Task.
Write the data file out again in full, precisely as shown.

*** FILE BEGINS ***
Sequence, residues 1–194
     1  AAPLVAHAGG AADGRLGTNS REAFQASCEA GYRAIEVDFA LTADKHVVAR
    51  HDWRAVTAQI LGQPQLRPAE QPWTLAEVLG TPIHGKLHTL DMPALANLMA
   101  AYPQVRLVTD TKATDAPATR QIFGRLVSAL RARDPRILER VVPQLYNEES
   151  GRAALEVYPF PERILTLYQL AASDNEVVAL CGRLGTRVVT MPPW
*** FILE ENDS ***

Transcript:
Sequence, residues 1–194
     1  AAPLVAHAGG AADGRLGTNS REAFQASCEA GYRAIEVDFA LTADKHVVAR
    51  HDWRAVTAQI LGQPQLRPAE QPWTLAEVLG TPIHGKLHTL DMPALANLMA
   101  AYPQVRLVTD TKATDAPATR QIFGRLVSAL RARDPRILER VVPQLYNEES
   151  GRAALEVYPF PERILTLYQL AASDNEVVAL CGRLGTRVVT MPPW